Transcriptional Reprogramming during Effector-to-Memory Transition Renders CD4+ T Cells Permissive for Latent HIV-1 Infection
The latent reservoir for HIV-1 in resting memory CD4+ T cells is the major barrier to curing HIV-1 infection. Studies of HIV-1 latency have focused on regulation of viral gene expression in cells in which latent infection is established. However, it remains unclear how infection initially becomes latent. Here we described a unique set of properties of CD4+ T cells undergoing effector-to-memory transition including temporary upregulation of CCR5 expression and rapid downregulation of cellular gene transcription. These cells allowed completion of steps in the HIV-1 life cycle through integration but suppressed HIV-1 gene transcription, thus allowing the establishment of latency. CD4+ T cells in this stage were substantially more permissive for HIV-1 latent infection than other CD4+ T cells. Establishment of latent HIV-1 infection in CD4+ T could be inhibited by viral-specific CD8+ T cells, a result with implications for elimination of latent HIV-1 infection by T cell-based vaccines.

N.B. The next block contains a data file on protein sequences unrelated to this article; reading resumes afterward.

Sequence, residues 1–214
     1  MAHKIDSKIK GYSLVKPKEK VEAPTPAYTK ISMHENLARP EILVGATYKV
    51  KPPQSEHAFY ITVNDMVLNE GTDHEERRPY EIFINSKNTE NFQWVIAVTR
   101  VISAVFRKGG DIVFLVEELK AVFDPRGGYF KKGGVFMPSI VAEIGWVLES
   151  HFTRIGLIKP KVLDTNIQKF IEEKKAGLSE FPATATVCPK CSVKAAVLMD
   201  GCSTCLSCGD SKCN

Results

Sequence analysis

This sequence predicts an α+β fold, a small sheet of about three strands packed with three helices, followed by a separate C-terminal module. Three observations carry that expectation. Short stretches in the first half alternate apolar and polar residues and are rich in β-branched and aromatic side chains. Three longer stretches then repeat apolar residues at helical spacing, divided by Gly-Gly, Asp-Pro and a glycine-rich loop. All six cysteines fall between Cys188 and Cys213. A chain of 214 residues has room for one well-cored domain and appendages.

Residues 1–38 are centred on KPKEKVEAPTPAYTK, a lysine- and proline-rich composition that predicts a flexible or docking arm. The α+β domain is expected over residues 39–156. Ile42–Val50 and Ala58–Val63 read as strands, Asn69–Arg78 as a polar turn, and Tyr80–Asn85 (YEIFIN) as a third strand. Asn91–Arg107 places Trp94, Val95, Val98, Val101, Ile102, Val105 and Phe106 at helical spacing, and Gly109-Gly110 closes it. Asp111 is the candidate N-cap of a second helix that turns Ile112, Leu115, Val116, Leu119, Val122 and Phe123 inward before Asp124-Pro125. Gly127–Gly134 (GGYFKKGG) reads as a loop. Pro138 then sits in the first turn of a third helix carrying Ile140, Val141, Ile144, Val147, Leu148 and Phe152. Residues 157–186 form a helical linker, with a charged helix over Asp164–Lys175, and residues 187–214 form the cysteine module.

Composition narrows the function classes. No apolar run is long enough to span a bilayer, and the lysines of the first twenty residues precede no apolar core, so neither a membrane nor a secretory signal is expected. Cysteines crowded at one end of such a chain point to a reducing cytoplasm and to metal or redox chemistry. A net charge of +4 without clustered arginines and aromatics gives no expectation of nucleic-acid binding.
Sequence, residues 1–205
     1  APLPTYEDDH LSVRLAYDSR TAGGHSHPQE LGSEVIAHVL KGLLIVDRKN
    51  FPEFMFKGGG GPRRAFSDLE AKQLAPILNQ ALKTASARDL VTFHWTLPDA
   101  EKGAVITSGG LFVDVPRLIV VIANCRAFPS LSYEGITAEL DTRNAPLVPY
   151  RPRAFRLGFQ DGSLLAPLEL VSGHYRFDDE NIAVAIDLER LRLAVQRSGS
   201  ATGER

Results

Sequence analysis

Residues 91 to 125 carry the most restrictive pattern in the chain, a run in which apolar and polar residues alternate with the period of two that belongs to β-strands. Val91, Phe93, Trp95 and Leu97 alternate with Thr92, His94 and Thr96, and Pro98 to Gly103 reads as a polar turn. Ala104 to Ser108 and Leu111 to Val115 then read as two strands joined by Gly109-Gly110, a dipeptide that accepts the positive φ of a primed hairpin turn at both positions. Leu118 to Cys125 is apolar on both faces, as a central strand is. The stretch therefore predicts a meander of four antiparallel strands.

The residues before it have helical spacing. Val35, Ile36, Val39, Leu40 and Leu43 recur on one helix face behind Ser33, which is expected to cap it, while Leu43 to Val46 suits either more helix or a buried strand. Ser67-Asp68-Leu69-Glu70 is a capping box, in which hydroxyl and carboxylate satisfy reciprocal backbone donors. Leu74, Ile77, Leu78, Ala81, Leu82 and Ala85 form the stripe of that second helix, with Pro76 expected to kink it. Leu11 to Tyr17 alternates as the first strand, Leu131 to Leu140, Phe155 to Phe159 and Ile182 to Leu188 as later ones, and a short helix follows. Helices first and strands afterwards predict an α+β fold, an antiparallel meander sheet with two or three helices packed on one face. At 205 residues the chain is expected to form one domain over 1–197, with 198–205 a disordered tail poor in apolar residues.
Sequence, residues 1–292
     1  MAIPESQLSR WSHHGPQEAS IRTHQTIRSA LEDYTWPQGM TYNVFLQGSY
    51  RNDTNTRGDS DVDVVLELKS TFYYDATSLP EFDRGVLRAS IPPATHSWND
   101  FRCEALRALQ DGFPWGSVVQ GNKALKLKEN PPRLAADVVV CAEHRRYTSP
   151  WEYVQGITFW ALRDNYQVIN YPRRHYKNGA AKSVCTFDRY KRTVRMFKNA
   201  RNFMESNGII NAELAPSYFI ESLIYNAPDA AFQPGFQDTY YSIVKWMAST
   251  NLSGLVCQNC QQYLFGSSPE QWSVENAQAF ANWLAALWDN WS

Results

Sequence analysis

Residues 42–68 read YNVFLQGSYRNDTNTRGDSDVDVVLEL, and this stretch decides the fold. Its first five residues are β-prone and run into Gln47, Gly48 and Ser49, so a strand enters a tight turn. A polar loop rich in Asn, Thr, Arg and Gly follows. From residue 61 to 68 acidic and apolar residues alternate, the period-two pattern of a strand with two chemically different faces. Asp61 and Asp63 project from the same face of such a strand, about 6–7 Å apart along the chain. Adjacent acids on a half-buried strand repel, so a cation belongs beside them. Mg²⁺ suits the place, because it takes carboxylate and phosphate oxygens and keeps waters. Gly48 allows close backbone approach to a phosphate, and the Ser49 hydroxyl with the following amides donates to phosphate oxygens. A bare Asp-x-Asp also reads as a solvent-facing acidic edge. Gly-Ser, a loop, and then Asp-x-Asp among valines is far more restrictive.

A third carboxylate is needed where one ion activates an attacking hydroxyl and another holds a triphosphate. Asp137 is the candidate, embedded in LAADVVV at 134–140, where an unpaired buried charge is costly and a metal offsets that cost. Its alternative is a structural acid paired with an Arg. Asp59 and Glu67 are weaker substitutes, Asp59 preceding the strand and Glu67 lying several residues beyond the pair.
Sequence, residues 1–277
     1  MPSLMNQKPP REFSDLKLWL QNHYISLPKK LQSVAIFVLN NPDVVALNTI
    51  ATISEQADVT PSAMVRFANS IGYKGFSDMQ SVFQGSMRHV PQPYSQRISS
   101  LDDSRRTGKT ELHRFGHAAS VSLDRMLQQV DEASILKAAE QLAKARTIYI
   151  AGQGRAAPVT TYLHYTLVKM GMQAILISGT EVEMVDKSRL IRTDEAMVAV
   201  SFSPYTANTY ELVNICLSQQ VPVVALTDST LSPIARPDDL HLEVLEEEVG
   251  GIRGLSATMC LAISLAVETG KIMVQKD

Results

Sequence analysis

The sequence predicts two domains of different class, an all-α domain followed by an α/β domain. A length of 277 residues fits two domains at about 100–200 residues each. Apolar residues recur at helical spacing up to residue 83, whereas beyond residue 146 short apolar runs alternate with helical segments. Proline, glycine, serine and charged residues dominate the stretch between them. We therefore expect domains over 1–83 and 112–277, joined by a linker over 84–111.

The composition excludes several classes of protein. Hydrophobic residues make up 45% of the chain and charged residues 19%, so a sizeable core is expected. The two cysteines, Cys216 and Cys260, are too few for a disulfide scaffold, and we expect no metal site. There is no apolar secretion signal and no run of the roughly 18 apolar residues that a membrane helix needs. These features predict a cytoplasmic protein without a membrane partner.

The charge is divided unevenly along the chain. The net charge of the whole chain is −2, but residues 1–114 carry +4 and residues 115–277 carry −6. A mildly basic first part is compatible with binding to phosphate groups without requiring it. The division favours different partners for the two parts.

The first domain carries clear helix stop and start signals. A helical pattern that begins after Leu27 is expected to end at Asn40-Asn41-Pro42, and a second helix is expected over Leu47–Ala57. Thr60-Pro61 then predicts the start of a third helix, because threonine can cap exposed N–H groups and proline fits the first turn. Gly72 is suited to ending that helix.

Publisher URL: http://www.cell.com/immunity/fulltext/S1074-7613(17)30425-9
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